An ‘Ogichidaa’

Duane Meat was proud of his Ojibwe heritage

Clarence D. “Duane” Meat ’05-’07, a leader in the campus Native American community, died from a fatal gunshot wound in Minneapolis this May. He was 24.

He once served as president of Native Americans at Harvard College (NAHC) and served as co-chair of the Student Advisory Committee of The Harvard Foundation for Intercultural and Race Relations as a sophomore from 2002 to 2003. Leah R. Lussier ’07, NAHC president, called him an “ogichidaa”—the word for “leader” in the language of the Ojibwe tribe, to which she and Meat’s family belong.

Meat had been spending the semester at his home at Leech Lake Reservation—“Tha Rez,” he called it on his profile—and had been planning to return to Leverett House in the fall to write his economics thesis on Native American reservation cash flows.


Meat’s friends were reluctant to reveal details of his death at the annual Harvard Powwow, where mourners placed money, tobacco, and wampum on a blanket to deliver to his family.

Weeks before his death, Meat had been walking on a South Minneapolis street when members of the Sureno 13 gang allegedly harassed him. On May 5, Meat and two friends returned to the house. As he spray-painted “derogatory remarks,” a suspected Sureno 13 member emerged and shot Meat and his friend, said Mike Keefe, a homicide detective in the Minneapolis Police Department. Meat died minutes later in Hennepin County Medical Center’s emergency room, according to the local medical examiner.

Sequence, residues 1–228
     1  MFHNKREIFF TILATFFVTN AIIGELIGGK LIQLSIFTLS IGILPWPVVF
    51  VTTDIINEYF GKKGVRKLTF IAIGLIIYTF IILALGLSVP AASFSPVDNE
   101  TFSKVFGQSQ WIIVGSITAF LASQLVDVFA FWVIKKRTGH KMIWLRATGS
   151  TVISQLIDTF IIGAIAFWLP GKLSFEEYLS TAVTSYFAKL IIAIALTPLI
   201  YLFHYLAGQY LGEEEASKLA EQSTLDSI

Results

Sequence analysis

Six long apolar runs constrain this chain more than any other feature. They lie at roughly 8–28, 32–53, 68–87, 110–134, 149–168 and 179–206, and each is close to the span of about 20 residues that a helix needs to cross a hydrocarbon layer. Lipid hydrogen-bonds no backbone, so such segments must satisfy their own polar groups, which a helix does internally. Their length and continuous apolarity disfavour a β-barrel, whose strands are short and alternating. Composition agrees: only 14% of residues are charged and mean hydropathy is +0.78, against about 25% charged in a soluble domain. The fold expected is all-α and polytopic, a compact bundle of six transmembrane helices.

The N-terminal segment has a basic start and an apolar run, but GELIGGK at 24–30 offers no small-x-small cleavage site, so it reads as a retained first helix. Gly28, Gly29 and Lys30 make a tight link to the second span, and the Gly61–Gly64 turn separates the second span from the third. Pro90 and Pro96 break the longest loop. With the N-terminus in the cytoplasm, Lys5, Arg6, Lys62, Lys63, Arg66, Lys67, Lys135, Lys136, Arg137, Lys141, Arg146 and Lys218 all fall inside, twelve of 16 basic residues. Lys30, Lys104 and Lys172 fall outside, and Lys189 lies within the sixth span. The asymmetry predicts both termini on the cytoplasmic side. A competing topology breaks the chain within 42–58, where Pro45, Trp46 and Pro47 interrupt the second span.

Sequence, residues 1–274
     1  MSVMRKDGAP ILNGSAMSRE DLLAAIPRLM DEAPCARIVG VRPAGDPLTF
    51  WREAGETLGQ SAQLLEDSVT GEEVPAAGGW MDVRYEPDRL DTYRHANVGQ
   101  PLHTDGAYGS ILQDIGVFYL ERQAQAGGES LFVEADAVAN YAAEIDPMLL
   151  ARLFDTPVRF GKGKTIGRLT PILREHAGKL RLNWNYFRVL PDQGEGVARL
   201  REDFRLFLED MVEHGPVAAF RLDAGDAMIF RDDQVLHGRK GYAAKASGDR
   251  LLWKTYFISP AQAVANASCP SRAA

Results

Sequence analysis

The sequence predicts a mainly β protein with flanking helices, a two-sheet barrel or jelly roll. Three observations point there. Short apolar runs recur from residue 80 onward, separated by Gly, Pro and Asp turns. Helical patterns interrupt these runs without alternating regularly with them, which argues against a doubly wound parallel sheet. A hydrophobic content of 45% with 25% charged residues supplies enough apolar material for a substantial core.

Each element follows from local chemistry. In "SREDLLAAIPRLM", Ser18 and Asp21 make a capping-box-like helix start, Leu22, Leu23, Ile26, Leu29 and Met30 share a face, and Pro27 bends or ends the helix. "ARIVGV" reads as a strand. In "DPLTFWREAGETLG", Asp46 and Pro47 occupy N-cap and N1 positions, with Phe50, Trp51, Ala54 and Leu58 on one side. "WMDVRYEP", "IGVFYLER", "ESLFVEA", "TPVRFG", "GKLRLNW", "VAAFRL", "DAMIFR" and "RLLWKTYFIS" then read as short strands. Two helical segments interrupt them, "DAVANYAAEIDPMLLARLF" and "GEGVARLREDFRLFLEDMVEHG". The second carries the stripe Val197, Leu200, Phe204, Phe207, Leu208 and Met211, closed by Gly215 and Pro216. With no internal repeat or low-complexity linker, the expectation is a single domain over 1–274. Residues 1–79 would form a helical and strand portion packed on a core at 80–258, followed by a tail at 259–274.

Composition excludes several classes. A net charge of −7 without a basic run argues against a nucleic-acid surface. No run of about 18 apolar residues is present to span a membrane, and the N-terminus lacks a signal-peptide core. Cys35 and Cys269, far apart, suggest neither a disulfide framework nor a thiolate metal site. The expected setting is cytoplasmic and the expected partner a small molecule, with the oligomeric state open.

Alejandro Luna, 17, has been charged with second-degree murder and second-degree assault and is now awaiting a June 20 preliminary trial to determine if he will be charged as an adult, said Ross E. Corson, spokesman for the Hennepin County attorney.


From his roots on the reservation, Meat traveled a long way, leaving the local public system to graduate with the top award from the Berkshire School in Sheffield, Mass. He told friends he wanted to return to Leech Lake to aid in economic development after—he hoped—graduating this coming fall.

Lussier’s family, also from Minnesota, was friends with Meat’s family.

“Where we come from, for an Indian student to make it this far and to have the same aspirations and goals and the ability and perseverance to do these things—I mean, he could have done anything, anything he wanted to do,” she said shortly after his death.

—Staff writer April H.N. Yee can be reached at